Pull up a seat: We’re watching a dory build from scratch

Follow along as Raindog Boatworks builds a dory that blows our mind

Back in September, I wrote here about what I thought was one of the most amazing little wooden dories I had ever seen. At just nine feet long, the fully decked, one-man Raindog Boatworks “Doryak” looked to be about one of the most fun boats you could ever row. Super fun, but super small too. 

Then I reached out to the owner of Raindog, Justin Gallen, and he told me about another boat that he was designing from scratch. 

My mind basically exploded. 

It was essentially my dream boat: a two-person, fully-decked, 10-foot-6-inch dory that can fish one angler and row whitewater. I had looked for plans, probed forums, asked multiple companies if they would ever consider building such an esoteric boat—all without much luck.

I chewed on Justin’s ear for way too long, but with very little arm twisting, he agreed that he would keep me posted on this build. It’s rare that you hear about an idea for a boat and watch it play out from scratch in front of you in relative real time—but that’s what I have for you. On the Thalweg blog, we’re going to follow along from concept to fruition. 

The boat is going to be called the “Gunnimoon” which, Justin says: “Is a compound of Gunnison (where his shop is located) and Honeymoon (given the romantic two-person nature of the boat).”

Over the next few weeks and months, expect updates from Justin on the trials, tribulations, and, hopefully, the fully formed birth of this radically designed whitewater fishing machine.  

The lines have been drawn, models made, and the first hull is taking shape.

So without further ado, I’ll let Justin explain the boat in his own words below:

The aim of the Gunnimoon is to be the perfect middle ground between the classic full-sized Grand Canyon dory (designed by Jerry Briggs) and the innovative and sporty design of Brad Dimock’s Doryak.  When I first started building Doryaks in my shop, my friend and fellow river runner Adam Stalvey was helping me with the build and we began brainstorming ideas for future builds, including a slightly larger hull with passenger space.  In the spring of 2021, my friends John and Veronica were able to take themselves and their two dogs on a Doryak.  It worked, but the boat was clearly exceeding its capacity. During the summer of 2021, the people I met on the river loved the idea of smaller boats because of how user friendly and responsive they are, and how they allow you to go on lower volume and rockier rivers that would be too challenging for the full sized boats.  However, the single person boats mean just that—you are solo.  River running is usually a group activity.  People really wanted to see a passenger seat in a dory that is comparatively compact in size.  They wanted a similarly sporty and responsive boat that was equally user friendly to the Doryak but offered room for a river buddy and a little more gear.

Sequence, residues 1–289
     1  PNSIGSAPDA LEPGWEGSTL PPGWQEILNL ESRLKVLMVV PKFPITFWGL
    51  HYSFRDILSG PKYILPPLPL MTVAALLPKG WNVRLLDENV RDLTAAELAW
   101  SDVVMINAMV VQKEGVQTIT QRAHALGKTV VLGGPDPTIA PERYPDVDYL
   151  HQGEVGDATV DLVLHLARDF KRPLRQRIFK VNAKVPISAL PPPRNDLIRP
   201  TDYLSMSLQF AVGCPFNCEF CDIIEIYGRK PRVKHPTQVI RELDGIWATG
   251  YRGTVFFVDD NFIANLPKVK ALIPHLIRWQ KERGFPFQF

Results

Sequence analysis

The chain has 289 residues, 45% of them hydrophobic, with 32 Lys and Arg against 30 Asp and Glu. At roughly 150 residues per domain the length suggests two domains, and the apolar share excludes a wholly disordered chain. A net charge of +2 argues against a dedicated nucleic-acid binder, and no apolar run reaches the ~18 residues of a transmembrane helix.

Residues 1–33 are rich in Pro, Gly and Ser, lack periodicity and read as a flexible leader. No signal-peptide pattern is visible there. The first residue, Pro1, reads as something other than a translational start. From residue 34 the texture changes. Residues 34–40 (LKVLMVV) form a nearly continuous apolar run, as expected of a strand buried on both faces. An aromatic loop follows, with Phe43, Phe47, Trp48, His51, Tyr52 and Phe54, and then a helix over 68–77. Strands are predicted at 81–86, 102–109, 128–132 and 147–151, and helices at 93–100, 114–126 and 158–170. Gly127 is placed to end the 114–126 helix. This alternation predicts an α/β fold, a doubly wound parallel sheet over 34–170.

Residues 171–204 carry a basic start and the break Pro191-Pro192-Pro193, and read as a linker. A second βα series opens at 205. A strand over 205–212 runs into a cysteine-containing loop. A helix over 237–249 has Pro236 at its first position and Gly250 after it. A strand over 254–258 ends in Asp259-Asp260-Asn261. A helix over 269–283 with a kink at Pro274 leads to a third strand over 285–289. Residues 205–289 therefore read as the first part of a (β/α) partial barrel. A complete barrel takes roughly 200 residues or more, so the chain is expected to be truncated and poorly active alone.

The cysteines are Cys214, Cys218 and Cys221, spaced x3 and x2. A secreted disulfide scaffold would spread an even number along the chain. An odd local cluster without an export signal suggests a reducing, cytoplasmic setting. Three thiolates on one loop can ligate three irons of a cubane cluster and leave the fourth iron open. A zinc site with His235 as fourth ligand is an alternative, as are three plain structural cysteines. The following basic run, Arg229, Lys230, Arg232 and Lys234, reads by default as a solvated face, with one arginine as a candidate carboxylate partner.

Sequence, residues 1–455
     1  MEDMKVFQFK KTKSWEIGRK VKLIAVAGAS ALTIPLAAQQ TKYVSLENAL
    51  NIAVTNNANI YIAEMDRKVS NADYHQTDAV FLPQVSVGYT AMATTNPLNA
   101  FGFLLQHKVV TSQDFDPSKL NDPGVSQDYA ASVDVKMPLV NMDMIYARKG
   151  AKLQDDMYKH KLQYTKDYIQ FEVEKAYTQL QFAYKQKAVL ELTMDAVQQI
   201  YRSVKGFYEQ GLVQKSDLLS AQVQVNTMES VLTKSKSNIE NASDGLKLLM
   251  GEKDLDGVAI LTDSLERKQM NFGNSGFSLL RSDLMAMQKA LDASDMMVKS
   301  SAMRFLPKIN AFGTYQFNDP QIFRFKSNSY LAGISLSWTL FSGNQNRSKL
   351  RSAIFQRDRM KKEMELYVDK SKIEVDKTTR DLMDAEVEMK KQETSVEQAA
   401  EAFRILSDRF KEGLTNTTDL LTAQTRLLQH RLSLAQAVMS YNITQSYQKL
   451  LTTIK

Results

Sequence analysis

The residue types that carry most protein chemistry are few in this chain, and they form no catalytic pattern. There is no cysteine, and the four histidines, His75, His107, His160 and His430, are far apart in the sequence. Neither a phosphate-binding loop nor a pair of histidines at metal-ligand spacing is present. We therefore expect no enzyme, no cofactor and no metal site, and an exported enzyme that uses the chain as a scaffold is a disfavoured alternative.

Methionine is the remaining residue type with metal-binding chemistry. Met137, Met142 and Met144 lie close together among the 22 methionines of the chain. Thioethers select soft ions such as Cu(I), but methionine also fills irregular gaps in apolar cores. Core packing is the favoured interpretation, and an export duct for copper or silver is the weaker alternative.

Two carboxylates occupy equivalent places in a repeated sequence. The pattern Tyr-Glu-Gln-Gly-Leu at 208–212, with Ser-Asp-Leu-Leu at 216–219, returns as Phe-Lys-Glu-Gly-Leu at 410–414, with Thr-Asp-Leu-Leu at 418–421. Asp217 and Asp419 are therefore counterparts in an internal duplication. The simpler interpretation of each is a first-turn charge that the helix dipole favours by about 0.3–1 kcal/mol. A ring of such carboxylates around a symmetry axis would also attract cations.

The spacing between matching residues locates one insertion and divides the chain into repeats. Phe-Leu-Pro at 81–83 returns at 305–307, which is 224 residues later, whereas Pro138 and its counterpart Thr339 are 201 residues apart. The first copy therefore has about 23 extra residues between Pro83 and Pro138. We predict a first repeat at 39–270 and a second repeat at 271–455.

I started sketching the boat in August of 2021, starting by setting an arbitrary goal of keeping the boat around 10′ 6″ (it just seemed fair and even I guess).  The lines were heavily influenced by a blend of Dimock’s Doryak, Brigg’s Grand Canyon Dory, and the traditional McKenzie drift boat, but eventually I started articulating the lines to what my eye saw as pleasing and functional.  After building several mockups and making many changes, I believe I’ve found the lines for a spirited and intuitive little dory.  It has the classic look of a Grand Canyon Dory, rolling bevel on the bow, ample rocker, but proportionately a little more volume in the stern than the classic dories. 

The challenge was putting the passenger in a seat in front of the oars, while leaving enough room for the handles of the oars to clear the passenger.  This proved difficult in such a small boat, but eventually I came up with the idea of putting the passenger’s footwell where a bow hatch would typically go.  It’s cozy “not going to lie) but the passenger is safe from oar strikes.  This location also gives room for a reversible lounge chair by filling in the passenger footwell with a folding seat and reversing orientation, resting your back on the bowpost and facing the oarsperson.  This provides some relaxation and some face-to-face conversation.  The passenger footwell’s position all the way in the bow also allows for anglers to cast, being supported either by the gunwales or a removable leg or hip brace (more tinkering will reveal how this ends up working).

The deck pattern creates a flat spot in the center of the boat that is about the area of a queen-sized mattress, plenty of room for two people to snuggle up on a multiday trip.  Six hatches provide ample storage for gear, food, and beverages, and displaces water that splashes onboard during rapids.  An automated bilge pump flushes out the water that spills in.

Here are some more photos of the mock ups and of the current build.  Hoping to have it flipped by Thursday! I can’t even sleep. I’m so excited!

Justin Gallen

Raindog Boatworks